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Family’s tribute to popular Lurgan businessman who ‘idolised the ground his children walked on’

"With everything he did, he would always look on the bright side of life"

The Lurgan community has been plunged into a state of shock following the sudden passing of John Fearon, a popular local businessman.

John – who was the owner of Victoria Motors in Lurgan – passed away suddenly on October 1 whilst on holiday in Spain.

John was the husband of Delores, and the father of Kelly, Conor, Aimee and the late John Jr. He was also the proud grandfather of Fearne and Jack.

Speaking to Armagh I, the family said that John’s only problem was that he “just couldn’t say no” to people.

“With everything he did, he would always look on the bright side of life,” Delores said. “Everybody knew him, he just helped everybody.”

John had a committed work ethic, and was devoted to helping people. A successful businessman, he started working at Victoria Motors 26 years ago, when his father Jim Fearon bought the business, and him and John took it over together.

Conor explained: “He took full-on pride in his work, night and day he was there. He would be sitting working on cars and somebody would need a light bulb changed and he would stop all the work to go and sort out that light bulb. No matter how big or small it was, if he could squeeze them in he would.

“He had a real work ethic. He was always there for the community and also for the NHS through COVID times. He had help for anyone that needed it.”

He would “do anything for anybody,” Delores added. “He took pneumonia three years ago and it nearly killed him because he couldn’t go to work. He never ever took a day.”

John was also involved in local community work, being a “very, very proud” member of the Masonic Order, which Conor says he took a step back from due to the pandemic.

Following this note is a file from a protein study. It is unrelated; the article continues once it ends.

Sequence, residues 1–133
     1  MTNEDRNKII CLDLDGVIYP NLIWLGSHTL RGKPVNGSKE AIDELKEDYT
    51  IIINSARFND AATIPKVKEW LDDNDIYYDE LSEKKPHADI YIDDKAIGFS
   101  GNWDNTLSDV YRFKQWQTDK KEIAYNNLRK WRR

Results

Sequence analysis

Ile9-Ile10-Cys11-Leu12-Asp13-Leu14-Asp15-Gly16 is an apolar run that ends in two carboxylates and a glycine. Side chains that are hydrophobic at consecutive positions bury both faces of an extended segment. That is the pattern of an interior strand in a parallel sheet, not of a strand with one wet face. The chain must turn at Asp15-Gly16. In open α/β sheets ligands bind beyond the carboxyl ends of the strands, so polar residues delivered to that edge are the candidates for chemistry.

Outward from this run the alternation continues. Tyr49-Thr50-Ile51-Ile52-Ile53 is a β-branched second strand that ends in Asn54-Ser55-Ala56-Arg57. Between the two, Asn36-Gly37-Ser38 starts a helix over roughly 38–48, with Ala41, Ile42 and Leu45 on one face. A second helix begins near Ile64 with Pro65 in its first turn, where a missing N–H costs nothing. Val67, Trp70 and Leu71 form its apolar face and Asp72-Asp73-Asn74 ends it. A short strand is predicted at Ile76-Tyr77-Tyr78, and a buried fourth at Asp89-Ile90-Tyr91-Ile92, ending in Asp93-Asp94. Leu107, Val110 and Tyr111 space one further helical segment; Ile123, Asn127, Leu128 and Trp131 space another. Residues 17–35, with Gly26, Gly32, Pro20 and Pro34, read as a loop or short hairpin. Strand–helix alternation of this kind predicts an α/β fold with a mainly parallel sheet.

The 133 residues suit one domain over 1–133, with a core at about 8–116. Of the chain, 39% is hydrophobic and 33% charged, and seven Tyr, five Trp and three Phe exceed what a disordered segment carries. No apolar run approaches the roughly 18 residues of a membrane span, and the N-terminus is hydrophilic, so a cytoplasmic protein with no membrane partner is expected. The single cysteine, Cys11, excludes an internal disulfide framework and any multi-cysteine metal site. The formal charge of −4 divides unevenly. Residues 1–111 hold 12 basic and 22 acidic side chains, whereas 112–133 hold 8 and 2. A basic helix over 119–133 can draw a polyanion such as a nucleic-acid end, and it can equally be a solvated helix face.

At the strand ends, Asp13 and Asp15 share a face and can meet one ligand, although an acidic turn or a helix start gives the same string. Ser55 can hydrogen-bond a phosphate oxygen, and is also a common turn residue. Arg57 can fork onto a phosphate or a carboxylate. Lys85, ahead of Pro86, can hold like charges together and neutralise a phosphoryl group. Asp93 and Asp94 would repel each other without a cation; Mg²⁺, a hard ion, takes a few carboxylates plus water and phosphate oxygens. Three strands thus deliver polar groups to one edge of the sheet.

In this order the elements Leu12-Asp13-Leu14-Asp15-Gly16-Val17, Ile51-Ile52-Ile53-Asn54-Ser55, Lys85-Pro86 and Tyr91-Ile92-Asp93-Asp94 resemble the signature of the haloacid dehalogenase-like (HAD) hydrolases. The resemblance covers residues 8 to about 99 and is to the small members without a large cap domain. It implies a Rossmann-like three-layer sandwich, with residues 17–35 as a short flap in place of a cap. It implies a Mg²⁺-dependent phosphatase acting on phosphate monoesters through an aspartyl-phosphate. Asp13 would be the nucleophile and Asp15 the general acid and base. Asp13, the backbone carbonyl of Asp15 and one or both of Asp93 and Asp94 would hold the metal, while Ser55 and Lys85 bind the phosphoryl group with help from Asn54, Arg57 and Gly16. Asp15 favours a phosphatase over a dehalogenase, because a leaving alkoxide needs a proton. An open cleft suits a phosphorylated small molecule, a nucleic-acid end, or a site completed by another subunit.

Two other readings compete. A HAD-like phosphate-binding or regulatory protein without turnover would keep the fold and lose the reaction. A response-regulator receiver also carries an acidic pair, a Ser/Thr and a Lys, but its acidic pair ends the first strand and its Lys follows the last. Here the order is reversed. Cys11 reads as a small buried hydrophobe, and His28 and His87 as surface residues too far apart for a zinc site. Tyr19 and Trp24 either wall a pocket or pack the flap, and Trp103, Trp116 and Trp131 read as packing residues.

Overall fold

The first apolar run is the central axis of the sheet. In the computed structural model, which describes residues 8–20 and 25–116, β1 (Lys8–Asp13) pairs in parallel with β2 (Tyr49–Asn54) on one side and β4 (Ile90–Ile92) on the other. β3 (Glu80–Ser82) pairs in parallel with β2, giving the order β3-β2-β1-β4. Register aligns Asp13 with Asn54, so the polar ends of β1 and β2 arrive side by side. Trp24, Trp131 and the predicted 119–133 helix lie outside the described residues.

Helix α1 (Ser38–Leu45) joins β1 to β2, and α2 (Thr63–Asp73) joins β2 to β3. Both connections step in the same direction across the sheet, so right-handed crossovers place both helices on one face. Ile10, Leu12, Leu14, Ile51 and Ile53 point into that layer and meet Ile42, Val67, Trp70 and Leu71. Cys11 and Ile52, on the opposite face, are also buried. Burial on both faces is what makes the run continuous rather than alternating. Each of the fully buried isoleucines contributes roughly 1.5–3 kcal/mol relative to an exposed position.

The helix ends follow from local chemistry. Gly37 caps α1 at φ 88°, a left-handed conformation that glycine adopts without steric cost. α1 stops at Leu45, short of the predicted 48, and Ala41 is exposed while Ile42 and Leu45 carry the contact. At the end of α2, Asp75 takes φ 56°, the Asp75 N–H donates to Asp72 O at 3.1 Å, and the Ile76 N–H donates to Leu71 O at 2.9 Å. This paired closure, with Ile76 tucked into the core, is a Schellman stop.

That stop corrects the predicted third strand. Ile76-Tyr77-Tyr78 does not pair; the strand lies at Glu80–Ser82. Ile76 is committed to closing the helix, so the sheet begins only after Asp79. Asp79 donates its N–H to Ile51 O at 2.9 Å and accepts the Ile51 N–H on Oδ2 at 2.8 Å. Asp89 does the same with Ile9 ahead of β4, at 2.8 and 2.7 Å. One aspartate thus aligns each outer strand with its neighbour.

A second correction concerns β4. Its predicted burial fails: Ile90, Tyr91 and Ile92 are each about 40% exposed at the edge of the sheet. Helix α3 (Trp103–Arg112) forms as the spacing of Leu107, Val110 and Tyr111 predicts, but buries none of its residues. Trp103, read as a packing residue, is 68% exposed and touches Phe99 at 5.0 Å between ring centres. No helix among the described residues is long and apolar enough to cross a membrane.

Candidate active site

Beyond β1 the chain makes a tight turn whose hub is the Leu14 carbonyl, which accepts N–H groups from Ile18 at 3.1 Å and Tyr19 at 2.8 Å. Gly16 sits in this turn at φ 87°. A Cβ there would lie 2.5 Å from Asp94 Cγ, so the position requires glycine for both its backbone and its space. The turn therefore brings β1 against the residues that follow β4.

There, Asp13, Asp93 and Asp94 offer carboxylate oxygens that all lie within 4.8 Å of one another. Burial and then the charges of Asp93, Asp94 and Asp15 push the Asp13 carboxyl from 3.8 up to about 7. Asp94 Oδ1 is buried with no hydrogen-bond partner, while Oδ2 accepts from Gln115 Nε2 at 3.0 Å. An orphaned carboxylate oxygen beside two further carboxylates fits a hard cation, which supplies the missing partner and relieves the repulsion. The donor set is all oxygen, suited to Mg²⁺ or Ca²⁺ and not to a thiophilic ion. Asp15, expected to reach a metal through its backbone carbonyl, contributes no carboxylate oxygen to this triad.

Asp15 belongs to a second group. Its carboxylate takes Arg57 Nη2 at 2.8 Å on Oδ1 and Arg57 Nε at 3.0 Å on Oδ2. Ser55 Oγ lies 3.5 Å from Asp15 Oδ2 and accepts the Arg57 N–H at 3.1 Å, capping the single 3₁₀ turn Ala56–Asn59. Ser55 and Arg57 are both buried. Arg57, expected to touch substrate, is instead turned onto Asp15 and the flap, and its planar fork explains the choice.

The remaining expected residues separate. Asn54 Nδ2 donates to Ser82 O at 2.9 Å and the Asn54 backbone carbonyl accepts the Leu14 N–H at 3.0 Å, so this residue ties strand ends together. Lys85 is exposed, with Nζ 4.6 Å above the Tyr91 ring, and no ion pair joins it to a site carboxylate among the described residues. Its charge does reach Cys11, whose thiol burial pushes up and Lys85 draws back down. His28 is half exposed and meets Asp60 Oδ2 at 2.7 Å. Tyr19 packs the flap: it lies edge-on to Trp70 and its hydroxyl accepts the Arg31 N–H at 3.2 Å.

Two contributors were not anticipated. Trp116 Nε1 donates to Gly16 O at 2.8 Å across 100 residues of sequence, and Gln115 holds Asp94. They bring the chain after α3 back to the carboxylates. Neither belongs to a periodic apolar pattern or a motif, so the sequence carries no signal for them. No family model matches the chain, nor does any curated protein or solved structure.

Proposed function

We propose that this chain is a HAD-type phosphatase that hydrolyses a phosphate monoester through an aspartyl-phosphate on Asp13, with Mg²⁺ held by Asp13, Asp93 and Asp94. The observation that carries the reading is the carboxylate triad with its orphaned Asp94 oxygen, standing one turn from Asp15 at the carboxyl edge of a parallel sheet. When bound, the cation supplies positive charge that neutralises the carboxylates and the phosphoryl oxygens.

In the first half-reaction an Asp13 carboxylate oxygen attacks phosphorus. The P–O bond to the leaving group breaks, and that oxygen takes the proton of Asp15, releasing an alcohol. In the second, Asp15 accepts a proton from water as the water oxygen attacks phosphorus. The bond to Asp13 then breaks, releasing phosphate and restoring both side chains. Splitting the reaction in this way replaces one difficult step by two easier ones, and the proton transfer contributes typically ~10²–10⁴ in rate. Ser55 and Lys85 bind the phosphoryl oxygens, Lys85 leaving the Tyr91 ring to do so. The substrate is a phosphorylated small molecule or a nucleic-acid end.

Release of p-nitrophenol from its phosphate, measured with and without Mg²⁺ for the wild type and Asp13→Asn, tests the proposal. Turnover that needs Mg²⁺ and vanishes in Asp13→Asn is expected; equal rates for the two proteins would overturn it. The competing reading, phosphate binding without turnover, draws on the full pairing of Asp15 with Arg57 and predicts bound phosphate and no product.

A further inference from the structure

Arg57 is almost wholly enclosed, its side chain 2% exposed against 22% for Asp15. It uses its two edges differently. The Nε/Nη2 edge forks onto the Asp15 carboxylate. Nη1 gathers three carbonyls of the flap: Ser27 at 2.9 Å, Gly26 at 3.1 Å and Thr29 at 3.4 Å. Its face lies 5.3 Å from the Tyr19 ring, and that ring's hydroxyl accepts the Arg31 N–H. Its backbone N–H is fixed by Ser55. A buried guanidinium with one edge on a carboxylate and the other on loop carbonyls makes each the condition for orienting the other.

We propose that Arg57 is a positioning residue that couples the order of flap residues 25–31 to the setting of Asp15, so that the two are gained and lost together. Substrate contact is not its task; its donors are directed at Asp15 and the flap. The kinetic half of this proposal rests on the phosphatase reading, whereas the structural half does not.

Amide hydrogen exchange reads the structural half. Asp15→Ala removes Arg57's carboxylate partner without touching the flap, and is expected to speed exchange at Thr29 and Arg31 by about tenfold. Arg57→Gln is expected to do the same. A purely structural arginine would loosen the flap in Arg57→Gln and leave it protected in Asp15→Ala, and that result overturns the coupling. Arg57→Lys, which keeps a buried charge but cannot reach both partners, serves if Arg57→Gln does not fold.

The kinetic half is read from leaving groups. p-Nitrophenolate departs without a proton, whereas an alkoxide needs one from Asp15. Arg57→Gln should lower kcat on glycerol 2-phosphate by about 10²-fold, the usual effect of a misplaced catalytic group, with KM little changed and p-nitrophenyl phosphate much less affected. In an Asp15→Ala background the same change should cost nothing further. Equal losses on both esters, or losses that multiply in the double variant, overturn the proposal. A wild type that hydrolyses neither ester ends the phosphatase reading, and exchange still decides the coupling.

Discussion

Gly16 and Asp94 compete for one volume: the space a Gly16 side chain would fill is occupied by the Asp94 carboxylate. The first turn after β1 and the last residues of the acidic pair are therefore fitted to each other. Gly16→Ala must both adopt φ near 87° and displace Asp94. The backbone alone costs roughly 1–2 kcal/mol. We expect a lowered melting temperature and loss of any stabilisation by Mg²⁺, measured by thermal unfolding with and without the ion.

John’s involvement in the Masons allowed him to engage in different events and fundraisers to help around the area.

Delores added that he was also a leader in the Scouts, having been a member himself many years ago, believing that it was important bringing children through the Scouts.

John was also well-known for his sense of humour and a “witty personality” that allowed him to make a joke of any situation.

Conor recalled a story from a local bar in the town: “Somebody was complaining that their cocktails weren’t the same, they didn’t have the same amount in them. We were sitting waiting on a meal and then dad disappeared.

“He came back ten minutes later and the waitress asked if she could get us drinks. Dad then said ‘no, no that’s ok, but take this.. and he pulled out a ruler. He had walked down to the shop to get it.”

Delores added: “When I first got with John many years ago, we were in the Silverwood. He was just a big softy and every time he set his bottle of beer down some guy lifted it. He had a permanent marker with him so he put an X on the bottle.

“He said to the man, ‘that’s mine’ and the man asked for him to prove it. So he put an X on my forehead and said ‘that X on that bottle means that is mine and so is she, so hands off.

“I thought I was going to die laughing,” Delores recalled.

Above all else, John was also a committed family man. “He just lived for his family,” Delores said. “He idolised the ground his children walked on.”

“He would have done anything to keep me happy,” she added.

“He was so proud of his home. He once said: ‘Whenever you drive out of your drive in the morning, and you see your blinds closed, and you know your wife and children are tucked up in bed, that’s when you know you’ve made it’.”

John’s funeral will take place from his home, 1 Headington Drive, Lough Road on Thursday at 9.45 am to St. Peter’s Church for 10.30am Requiem Mass, with burial afterwards in St. Colman’s Cemetery.

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